SHARE
COPY LINK

ITALY

A beginner’s guide to aperitivo in Italy

The Italians go crazy for them – and it's easy to see why. Here, The Local's Patrick Browne gives you the lowdown on one of Italy's most treasured rituals: the aperitivo.

A beginner's guide to aperitivo in Italy
Apericena or Aperitivo? Photo: Tiziana Fabi/AFP

They are long leisurely affairs to be undertaken with friends in early or late evening, the food is usually more than decent and they are affordable even on the most meagre of budgets. All you need to do is buy a drink and your food is free. Shall we?

I'd really love to go out to dinner, but I can't afford it…

It's only going to cost €5-12 depending where we go. Are you sure you don't want to come? I know an excellent place….

Okay then. But it's my first time…

Well don't look so nervous. We're only going to the pub for an apericena.

Apericena? I thought you said aperitivo?

Good point. A standard pre-dinner drink becomes an aperitivo when it is accompanied by more than just nuts or crisps. Maybe a small starter of goats cheese, olives, or something like that.

You can be sure you're at an apericena, however, when your drink is accompanied by dinner in the form of an all-you-can-eat buffet. Confusingly, the word aperitivo is often used to describe this too, which will probably annoy the traditionalists but hey-ho, we didn't make the rules.

Now that that's out the way we're ready to get going. All you need to do is order a drink.

But what should I drink?

For a traditional style aperitivo, a light (usually dry or bitter drink) will be consumed. Favourites include, Campari, Vermouth, Negroni, Aperol Spritz and Prosecco – but anything goes really. If you hit the right bar at the right time you can have your aperitivo with anything from a Weissbier to a mojito.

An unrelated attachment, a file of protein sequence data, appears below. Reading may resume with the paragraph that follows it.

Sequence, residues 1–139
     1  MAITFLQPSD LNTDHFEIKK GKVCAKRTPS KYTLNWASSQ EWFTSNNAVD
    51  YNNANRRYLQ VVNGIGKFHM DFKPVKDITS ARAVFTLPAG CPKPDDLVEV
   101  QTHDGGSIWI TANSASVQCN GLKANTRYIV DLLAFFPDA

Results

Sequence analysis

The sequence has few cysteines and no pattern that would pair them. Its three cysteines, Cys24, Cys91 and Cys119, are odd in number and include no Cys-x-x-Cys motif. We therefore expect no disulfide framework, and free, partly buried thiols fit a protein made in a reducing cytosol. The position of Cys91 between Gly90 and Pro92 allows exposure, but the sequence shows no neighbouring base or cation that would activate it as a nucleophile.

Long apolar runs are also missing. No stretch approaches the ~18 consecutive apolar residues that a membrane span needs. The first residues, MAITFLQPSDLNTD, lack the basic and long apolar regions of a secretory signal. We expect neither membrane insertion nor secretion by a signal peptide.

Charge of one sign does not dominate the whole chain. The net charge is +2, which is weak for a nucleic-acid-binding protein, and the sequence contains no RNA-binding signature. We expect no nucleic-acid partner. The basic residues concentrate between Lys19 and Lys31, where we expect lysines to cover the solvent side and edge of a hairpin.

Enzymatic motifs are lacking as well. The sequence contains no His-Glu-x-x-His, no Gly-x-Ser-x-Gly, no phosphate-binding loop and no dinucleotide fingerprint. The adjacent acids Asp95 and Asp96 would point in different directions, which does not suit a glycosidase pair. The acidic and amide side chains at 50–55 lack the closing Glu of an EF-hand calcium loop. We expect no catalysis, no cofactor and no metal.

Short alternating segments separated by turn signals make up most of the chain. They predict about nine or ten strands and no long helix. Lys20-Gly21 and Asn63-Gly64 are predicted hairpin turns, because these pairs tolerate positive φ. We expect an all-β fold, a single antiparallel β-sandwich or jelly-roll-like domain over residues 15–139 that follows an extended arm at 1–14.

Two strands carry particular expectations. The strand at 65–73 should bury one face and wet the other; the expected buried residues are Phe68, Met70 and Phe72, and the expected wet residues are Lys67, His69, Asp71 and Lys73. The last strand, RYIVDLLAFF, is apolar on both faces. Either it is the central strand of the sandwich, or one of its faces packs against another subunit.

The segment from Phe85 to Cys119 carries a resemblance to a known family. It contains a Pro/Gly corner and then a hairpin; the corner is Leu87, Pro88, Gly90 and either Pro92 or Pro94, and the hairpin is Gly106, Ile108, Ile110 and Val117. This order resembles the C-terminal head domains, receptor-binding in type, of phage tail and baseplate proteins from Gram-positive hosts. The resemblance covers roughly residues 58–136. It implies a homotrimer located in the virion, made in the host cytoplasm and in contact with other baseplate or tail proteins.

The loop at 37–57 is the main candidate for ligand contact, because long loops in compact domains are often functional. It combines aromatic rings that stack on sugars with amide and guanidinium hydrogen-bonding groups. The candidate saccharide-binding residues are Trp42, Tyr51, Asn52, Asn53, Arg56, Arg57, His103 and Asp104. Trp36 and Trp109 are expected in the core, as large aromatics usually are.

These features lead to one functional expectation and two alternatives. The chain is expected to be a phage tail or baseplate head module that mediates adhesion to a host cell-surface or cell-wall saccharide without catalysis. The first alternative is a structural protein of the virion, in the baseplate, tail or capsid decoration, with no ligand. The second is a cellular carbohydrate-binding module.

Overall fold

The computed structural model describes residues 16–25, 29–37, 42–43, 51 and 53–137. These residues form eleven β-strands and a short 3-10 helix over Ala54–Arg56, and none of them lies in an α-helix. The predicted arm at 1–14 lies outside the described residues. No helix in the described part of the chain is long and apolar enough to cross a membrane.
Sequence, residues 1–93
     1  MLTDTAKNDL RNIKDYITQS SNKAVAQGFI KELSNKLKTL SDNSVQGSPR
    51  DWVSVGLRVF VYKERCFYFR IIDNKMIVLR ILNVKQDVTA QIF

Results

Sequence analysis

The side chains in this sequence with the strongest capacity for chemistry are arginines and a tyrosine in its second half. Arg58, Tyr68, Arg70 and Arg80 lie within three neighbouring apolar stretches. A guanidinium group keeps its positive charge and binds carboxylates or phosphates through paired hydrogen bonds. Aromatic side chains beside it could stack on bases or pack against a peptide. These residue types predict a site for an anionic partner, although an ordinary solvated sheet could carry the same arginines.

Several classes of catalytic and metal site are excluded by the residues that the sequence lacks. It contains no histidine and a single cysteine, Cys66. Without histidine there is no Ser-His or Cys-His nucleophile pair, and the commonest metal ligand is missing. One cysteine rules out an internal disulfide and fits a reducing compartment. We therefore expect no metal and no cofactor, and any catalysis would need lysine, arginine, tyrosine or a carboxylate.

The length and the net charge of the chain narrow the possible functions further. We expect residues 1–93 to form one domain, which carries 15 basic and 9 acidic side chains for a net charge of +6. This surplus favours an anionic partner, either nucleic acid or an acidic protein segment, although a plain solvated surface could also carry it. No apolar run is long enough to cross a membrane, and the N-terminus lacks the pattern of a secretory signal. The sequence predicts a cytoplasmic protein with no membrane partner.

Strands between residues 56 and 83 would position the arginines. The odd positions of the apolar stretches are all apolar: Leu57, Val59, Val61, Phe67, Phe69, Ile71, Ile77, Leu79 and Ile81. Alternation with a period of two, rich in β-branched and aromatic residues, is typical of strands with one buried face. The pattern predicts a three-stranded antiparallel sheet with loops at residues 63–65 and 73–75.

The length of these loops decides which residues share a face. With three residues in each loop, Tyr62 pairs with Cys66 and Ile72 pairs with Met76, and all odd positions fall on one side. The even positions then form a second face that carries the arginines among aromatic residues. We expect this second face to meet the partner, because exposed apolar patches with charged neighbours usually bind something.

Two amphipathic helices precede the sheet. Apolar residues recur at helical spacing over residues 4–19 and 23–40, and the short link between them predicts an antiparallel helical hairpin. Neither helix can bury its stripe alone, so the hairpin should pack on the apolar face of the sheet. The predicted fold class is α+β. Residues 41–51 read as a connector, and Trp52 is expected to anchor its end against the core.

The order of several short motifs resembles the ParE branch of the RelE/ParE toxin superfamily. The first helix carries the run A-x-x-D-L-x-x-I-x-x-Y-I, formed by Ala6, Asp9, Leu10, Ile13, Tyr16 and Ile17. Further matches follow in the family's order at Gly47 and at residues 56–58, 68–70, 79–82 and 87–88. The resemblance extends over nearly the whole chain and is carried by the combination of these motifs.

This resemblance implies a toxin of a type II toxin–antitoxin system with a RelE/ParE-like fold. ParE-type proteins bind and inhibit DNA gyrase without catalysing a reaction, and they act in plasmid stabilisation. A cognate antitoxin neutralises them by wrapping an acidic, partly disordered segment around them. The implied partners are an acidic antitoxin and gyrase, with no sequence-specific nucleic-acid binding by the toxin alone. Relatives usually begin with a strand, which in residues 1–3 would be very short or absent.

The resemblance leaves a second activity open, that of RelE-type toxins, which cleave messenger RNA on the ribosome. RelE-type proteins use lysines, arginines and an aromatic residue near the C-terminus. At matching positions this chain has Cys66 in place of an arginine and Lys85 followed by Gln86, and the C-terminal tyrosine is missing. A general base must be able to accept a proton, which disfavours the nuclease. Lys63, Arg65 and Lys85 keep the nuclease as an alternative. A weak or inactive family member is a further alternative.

Photo: Paco Serinelli/AFP

Remember that it's going to be accompanying food, so excessively sweet or creamy cocktails are a no-no. But by far the most important thing is to take it slowly, and socialize.

Socialize? I normally just inhale my food and down my pint of lager…

No. The apericena/aperitivo is a social event. It's where you go on a first date, or to catch up with an old friend.

They're great if you're on a limited budget, too, so expect to find lots of hard-up and hungry students, travellers, and young professionals – all of whom will be chatting away noisily. So be prepared to talk.

What else do I need to know?

The aperitivo has an interesting history, and despite its popularity across different areas of Italy it is very much associated with Turin. Although some anthropologists claim the idea of a pre-dinner drink stretches back as far as the ancient Egyptians, the creator of the modern day aperitivo is generally credited as being Antonio Benedetto Carpano.

Carpano is known as the inventor of Vermouth which he first made in Turin in 1786 by infusing Moscato white wine with herbs and spices. Apparently the drink was considered perfect for opening the stomach before a good meal.

Within no time at all, the shop where Antonio worked on in piazza Castello was the most popular bar in Turin. Fast forward a couple of hundred years and the aperitivo culture is still very much part of daily life in Italy..

Thanks! My new friends loved that aperitivo story. But I'm still hungry and have finished my food. What can I do?

Look, the idea is to eat until you are full. The plates are normally tiny plastic things, so don't feel bad about going back for seconds (or thirds). You don't need to buy another drink.

In fact, you probably shouldn't buy another drink. Usually during aperitivo hours the prices of drinks are inflated because that's how the bars make their money.

READ ALSO: Five great spots for aperitivo on a budget in Milan


Photo: oneinchpunch/Deposit Photos

Member comments

Log in here to leave a comment.
Become a Member to leave a comment.
For members

FOOD & DRINK

Sagra: The best Italian food festivals to visit in October

If you're visiting Italy in autumn, don't miss the many local food and drinks fairs held around the country. Here are some to visit this October.

Sagra: The best Italian food festivals to visit in October